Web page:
From the early years of our life there is natural decline in the elasticity of the normal lens inside your eye. This results in the lens losing its ability to accommodate and therefore focus at a range of distances. Once this causes difficulty or sluggishness in focusing for near objects, the condition is called dysfunctional lens syndrome or presbyopia.
Similar lens changes continue throughout life. Later on in life the lens assumes an increasingly brown hue and loses its transparency over many years and decades. The lens is described as a cataract when it has lost this transparency.
Other common causes for development of cataract, especially at a younger age, include metabolic disorders, such as diabetes, chronic corticosteroid use, trauma to the eye and previous eye surgery. Smoking and chronic exposure to sunlight have also been described as risk factors.
The presence of a cataract can be diagnosed by your optometrist or ophthalmologist (eye doctor).
At this clinic visit your eyes will be examined with specialist equipment that magnify the view into your eyes. Your pupils are normally dilated (enlarged) at this assessment; as this will blur your eyesight for a few hours it is important that you do not drive.
A cataract assessment provides a good opportunity to exclude other conditions that may also be contributing to a reduction in quality of vision, such as dry eye, glaucoma and age-related macular degeneration. Their presence doesn’t preclude successful cataract surgery.
You can continue to drive if you have a cataract, provided you meet the standards of vision for driving and do not experience visually significant glare. However, if you have been diagnosed with cataract, surgery to remove your cataract will almost certainly improve the quality of your vision.
In order to drive in the UK you must be able to read (with glasses or contact lenses, if required) a car number plate made after 1 September 2001 from 20 metres. You must also meet the minimum eyesight standard for driving by having a visual acuity of at least decimal 0.5 (6/12) measured on the Snellen scale using both eyes together. This will be assessed at your clinic consultation.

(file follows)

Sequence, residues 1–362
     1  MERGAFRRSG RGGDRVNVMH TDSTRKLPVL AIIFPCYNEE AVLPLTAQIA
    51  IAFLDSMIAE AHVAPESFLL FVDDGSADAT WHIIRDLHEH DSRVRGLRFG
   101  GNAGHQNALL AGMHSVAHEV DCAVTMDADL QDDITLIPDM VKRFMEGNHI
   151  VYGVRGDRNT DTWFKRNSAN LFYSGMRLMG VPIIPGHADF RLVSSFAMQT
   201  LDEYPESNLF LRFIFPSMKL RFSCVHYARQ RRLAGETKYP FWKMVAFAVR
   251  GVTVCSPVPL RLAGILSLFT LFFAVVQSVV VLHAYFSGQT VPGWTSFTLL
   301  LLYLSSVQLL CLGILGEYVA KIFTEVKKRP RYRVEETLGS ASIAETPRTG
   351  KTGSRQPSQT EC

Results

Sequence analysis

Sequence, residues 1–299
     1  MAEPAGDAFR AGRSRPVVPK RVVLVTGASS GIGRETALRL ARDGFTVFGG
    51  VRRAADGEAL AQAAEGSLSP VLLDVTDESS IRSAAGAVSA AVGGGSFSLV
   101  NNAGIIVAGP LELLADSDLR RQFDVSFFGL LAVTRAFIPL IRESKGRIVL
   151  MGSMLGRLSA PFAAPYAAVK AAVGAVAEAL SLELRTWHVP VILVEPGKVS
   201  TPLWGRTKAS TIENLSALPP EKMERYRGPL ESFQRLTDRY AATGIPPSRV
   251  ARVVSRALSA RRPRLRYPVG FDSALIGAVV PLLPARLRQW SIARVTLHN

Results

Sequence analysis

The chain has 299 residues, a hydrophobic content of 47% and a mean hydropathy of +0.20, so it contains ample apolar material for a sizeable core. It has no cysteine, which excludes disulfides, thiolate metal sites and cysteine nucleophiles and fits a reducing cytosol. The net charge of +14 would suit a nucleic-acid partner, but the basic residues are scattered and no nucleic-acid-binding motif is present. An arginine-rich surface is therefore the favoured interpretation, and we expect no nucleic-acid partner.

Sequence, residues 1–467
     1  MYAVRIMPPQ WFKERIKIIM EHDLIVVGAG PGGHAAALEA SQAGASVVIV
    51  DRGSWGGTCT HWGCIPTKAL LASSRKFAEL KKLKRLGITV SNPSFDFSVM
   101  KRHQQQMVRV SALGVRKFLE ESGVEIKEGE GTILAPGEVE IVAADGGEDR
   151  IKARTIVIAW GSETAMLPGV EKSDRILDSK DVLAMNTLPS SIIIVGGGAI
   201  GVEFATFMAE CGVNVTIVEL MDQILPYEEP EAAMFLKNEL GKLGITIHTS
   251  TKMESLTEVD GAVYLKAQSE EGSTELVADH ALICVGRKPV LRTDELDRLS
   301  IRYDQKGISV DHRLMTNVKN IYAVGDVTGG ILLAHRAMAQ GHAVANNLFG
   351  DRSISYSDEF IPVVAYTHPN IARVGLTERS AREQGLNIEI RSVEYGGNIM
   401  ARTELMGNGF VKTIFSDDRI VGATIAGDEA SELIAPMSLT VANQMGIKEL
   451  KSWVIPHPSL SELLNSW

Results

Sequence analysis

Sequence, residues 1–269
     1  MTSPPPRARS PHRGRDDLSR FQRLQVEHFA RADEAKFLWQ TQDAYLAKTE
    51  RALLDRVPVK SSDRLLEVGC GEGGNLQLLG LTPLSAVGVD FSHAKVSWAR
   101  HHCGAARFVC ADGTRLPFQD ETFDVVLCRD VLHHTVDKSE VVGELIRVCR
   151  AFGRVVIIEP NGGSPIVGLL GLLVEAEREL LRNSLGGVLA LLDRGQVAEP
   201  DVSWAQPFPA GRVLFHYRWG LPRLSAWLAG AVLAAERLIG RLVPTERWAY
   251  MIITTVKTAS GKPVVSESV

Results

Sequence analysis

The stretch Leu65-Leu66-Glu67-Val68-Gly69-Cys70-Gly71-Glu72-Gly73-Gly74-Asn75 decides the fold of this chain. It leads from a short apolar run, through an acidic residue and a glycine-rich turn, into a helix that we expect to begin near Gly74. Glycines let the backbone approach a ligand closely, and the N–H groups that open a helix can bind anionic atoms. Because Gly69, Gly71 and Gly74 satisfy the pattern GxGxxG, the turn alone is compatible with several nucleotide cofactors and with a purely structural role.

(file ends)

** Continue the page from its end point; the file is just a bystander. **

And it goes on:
There is a common historical misconception that your cataract needs to be ‘ripe’ or ‘mature’ in order to have surgery. This could not be more incorrect. Once a cataract that degrades the quality of your vision has developed, surgery can be safely performed; indeed, it has been shown that advanced cataracts have a higher rate of complications during surgery.
Cataract surgery is a very safe procedure. It is the most frequently performed procedure in the UK, with more than 400000 surgeries performed annually. As with all operations, problems can develop during the operation or afterwards in the healing period. The National Ophthalmology Database Audit reported that less than 1 in 100 patients experienced visual loss after cataract surgery. The risk of serious loss of vision (vision worse than driving standards) is even smaller.
- In broad terms, IOL types and options include monofocal, multifocal and toric lenses.
- All patients undergoing cataract surgery have a lens (IOL) that is matched to their eye. The calculation of the power of this IOL is based on the eye measurements that are taken during your clinic visit. The power of the IOL will determine whether your natural vision (without glasses) is focused for distance, near or intermediate.
- Most patients prefer to have good distance vision without spectacles and the IOL power is selected accordingly. Spectacles however may still be needed following surgery for your best distance vision; this reflects technology limitations in predicting the IOL power that your eye may need.
- Laser refractive surgery after cataract surgery may be considered as a top-up treatment to provide you with the best distance vision without spectacles.
- All patients with a standard monofocal IOL will need spectacles for near vision, e.g. for reading.
- Monovision can be used with monofocal lenses; this focuses your dominant eye for distance and your other eye for near, reducing your need for spectacles for near activities.
Astigmatism is a common condition that causes blurred vision. It is usually caused by the presence of a non-uniform shape of the cornea or the development of abnormalities in the natural lens of your eye, such as cataract. Normally, the combined refractive efforts of the cornea and your natural lens focus light rays sharply on the retina of the eye. In astigmatism, the imperfect refractive properties of the eye result in an object not being uniformly focused on your retina and thus blurred vision. Cataract surgery provides a unique opportunity to address corneal astigmatism with the use of a toric lens (IOL); this will provide greater quality of vision and reduce dependency on glasses.
Very often the cornea is not a perfect sphere in shape, resulting in astigmatism; a toric IOL can be used with cataract surgery to compensate for this astigmatism. A toric lens greatly reduces or eliminates the need for spectacles after surgery, whether a monofocal or multifocal IOL has been used, and provides better quality vision. Detailed topography scans of the cornea are required to assess your suitability for a toric IOL.
A multifocal lens is a great option if you are interested in being less dependent on spectacles following surgery. It can provide clear vision for both distance and near without glasses. The majority of patients can read small print following surgery, however a weak pair of glasses may be needed for prolonged reading or computer use. This lens can also be combined with astigmatism reduction by using a toric multifocal lens; this would allow you to achieve the best possible vision.